In the leading-order process, the hadron transverse momentum is due to the intrinsic transverse momentum of quarks in the nucleon [19] and to the fragmentation process, both resulting in small transverse momenta. A different situation occurs for QCDC and PGF processes, in which hadrons mainly acquire transverse momentum from the partons produced in the hard process. For this reason the requirement of observing two hadrons with large transverse momentum enhances the contribution of the PGF process in the selected sample [20]. We present hereafter an analysis using this approach for the enhancement of PGF events in light quark production [21, 22].

2 Experimental set-up and data sample

The experiment uses the naturally polarised muon beam at CERN. The experimental set-up consists of two major components: a polarised target and a magnetic spectrometer. A detailed description of the experiment can be found elsewhere [23]. A major upgrade of the COMPASS spectrometer was performed in 2005. For this analysis the most relevant improvement was a new target magnet which extended the angular acceptance.

The average beam muon momentum is 160 GeV/ and the average beam polarisation is  . The target consists of two cells in 2002–2004 and of three cells in 2006, located along the beam one after the other and filled with LiD. Lithium-6 can be regarded as a quasi-free deuteron and a helium-4 core. The average deuteron polarisation is about and the average dilution factor of the target is 0.36. The latter is the ratio of the cross-section for all polarisable nucleons in the target material (deuterons) to that for all nucleons and includes radiative corrections. The relative uncertainties of and are 5% and 2%, respectively.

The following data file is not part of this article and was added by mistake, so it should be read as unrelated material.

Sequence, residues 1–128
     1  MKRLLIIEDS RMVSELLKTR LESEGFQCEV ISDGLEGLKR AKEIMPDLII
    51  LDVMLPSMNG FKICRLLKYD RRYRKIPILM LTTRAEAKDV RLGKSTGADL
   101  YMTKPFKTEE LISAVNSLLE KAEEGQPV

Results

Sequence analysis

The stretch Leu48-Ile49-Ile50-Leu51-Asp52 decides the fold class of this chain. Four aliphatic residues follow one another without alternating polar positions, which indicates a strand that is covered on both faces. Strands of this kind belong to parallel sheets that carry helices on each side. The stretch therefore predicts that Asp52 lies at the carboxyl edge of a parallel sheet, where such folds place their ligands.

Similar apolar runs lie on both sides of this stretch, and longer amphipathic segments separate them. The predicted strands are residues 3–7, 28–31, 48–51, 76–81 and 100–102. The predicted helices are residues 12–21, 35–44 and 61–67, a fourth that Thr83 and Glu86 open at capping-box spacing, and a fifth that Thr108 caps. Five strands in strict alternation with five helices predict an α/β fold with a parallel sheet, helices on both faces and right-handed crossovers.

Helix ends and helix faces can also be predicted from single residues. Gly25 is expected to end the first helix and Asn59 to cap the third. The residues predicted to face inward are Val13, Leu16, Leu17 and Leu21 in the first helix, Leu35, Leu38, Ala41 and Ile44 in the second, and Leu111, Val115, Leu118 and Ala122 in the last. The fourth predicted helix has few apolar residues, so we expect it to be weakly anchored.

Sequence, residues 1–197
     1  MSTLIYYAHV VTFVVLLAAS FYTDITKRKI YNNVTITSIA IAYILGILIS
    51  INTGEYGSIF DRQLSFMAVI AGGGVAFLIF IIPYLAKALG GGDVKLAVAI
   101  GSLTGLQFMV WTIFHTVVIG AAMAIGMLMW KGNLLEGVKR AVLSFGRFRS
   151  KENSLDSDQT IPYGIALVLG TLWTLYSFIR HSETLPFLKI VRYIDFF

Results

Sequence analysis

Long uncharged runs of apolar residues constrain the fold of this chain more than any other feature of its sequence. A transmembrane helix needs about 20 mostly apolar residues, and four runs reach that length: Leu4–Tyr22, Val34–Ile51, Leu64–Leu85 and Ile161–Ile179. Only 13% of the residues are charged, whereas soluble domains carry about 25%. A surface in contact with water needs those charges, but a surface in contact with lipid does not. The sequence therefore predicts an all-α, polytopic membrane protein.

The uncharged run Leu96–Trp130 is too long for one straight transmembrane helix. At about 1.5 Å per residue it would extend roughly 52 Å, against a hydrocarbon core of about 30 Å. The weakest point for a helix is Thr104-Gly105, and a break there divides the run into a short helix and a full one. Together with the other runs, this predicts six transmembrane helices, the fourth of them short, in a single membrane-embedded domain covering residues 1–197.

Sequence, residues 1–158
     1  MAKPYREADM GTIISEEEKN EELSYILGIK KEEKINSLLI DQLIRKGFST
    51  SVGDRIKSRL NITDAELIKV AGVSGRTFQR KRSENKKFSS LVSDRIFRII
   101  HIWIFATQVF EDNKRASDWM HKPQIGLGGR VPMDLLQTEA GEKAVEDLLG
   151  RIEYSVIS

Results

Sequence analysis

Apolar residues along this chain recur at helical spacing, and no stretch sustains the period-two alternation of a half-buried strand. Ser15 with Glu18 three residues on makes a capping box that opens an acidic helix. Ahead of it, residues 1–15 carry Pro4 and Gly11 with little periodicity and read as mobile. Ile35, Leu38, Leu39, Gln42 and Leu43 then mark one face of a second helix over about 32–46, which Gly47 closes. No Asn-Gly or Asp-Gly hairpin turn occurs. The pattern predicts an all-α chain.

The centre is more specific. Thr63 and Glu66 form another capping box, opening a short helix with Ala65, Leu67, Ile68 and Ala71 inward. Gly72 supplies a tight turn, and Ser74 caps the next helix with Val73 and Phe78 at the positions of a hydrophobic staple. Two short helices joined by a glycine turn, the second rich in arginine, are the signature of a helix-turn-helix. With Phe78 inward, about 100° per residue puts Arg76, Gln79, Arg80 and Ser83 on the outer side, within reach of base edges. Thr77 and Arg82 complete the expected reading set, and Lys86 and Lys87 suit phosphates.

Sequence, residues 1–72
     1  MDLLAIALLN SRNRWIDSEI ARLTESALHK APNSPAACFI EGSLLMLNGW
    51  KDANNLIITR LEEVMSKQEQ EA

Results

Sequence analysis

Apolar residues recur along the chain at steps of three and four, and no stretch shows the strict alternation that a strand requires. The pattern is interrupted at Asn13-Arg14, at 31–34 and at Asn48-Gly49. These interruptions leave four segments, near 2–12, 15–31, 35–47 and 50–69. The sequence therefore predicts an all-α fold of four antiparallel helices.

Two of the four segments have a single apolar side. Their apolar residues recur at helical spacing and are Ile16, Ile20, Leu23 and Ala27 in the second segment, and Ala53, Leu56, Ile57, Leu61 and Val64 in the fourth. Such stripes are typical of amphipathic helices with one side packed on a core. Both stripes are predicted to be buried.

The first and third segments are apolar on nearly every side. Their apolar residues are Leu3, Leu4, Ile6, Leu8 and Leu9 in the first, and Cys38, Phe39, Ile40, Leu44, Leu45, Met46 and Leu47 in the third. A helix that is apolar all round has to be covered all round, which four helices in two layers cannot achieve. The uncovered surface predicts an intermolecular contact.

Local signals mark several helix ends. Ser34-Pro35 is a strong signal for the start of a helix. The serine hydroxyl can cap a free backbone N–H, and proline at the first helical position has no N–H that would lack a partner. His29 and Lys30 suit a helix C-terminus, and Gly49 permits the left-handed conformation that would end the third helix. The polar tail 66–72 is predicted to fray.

The data were collected during four years: 2002 to 2004 and in 2006. Selected events have an interaction vertex located in the target fiducial volume and contain both a beam muon and a scattered muon. The DIS region is selected by the requirement and by a selection depending on the energy fraction carried by the exchanged virtual photon, which leads to an invariant mass squared of the hadron system of . Events with and with are rejected because the former are more sensitive to experimental biases, while the latter are strongly affected by radiative effects. The above requirements define the inclusive sample. At least two additional charged hadrons associated with the vertex are required for the high- sample. In the analysis the two hadrons with the highest are selected and the following requirements are applied: for the leading hadron, for the sub-leading hadron, for the Feynman variables of both hadrons and , where is the ratio of the hadron energy to the virtual photon energy. The cut on removes events originating from exclusive processes. After all cuts, a sample of about 7.3 million events is used in the present analysis.

3 Determination of from measured asymmetries